The American Civil Liberties Union (ACLU) is suing the DC Metro for rejecting four ads for being “controversial,” claiming that it’s a violation of freedom of speech.
The organization has sued the WMATA on behalf of itself, abortion care provider Carafem, conservative commentator Milo Yiannopoulos and People for the Ethical Treatment of Animals (PETA).
According to the organization, DC Metro rejected ads featuring the First Amendment in English, Spanish and Arabic, an abortion medication, and an encouragement to “go vegan.” ACLU also said that ads for Yiannopoulos’ new book, “Dangerous,” were first accepted, then removed from the transit system after riders complained.
“To put it mildly, these plaintiffs have nothing in common politically. But together, they powerfully illustrate the indivisibility of the First Amendment,” the ACLU said in a blog post Wednesday. “Our free speech rights rise and fall together – whether left, right, pro-choice, anti-choice, vegan, carnivore, or none of the above.”
ACLU also took to Twitter to make the announcement. It said that the DC Metro’s ad policy violates the First Amendment by discriminating against ads or advertisers deemed controversial by agency officials, and that the four plaintiffs in the case span the political spectrum, illustrating the indivisibility of the First Amendment.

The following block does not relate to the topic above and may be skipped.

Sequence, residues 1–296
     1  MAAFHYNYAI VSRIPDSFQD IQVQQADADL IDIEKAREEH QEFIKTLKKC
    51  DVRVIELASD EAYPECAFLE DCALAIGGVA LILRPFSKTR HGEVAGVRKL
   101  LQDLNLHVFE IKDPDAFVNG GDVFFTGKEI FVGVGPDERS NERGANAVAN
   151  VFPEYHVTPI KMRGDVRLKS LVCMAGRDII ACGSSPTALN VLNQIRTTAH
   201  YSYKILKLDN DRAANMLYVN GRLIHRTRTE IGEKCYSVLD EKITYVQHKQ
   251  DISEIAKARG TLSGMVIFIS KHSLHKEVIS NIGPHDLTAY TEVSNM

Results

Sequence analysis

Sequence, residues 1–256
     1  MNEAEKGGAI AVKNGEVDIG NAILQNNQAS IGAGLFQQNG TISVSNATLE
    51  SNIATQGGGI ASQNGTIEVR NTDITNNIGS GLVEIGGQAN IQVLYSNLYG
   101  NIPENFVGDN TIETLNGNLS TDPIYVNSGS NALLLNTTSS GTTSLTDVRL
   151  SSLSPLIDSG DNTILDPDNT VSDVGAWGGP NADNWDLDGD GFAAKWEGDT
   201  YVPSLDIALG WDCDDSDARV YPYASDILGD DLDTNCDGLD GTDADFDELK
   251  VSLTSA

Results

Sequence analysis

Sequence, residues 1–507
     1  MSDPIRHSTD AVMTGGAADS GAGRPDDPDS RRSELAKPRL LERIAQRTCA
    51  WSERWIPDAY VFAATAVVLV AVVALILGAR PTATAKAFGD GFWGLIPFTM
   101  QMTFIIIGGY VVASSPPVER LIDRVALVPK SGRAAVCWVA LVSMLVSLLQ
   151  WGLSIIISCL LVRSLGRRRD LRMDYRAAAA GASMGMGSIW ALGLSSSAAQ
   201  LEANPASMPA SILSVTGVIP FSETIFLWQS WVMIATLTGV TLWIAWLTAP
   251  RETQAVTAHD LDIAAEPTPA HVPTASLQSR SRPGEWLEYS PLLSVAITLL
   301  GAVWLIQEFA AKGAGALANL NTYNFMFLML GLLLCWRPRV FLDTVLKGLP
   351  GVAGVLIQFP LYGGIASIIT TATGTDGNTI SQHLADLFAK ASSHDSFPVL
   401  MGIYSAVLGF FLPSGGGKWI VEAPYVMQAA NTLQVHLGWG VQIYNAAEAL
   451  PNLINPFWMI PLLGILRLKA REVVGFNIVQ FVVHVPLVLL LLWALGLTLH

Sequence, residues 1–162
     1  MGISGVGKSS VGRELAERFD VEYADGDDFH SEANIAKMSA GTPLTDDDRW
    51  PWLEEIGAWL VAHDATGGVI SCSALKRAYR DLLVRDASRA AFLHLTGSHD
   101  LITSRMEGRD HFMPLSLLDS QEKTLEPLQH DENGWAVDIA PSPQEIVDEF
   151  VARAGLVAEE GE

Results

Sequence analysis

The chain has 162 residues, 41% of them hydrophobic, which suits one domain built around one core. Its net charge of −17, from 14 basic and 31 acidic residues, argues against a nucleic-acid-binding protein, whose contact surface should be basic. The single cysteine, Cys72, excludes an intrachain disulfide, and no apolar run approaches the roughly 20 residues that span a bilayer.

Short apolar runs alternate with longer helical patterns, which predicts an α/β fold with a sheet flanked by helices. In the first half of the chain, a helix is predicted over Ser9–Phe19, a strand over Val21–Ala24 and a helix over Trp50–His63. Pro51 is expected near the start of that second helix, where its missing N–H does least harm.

“In its zeal to not host offensive speech, the government has eliminated speech that makes us think, including the First Amendment itself,” the organization tweeted.
Business Insider reached out to DC Metro for comment, which said that it changed its advertising forum to a nonpublic forum and adopted commercial advertising guidelines that prohibit issue-oriented ads, including political, religious and advocacy ads, since 2015.
“WMATA intends to vigorously defend its commercial advertising guidelines, which are reasonable and view-point neutral,” a spokesperson told Business Insider.
BREAKING: We're suing the DC Metro for rejecting four ads for being controversial— including our own, of the actual First Amendment.
— ACLU National (@ACLU) August 9, 2017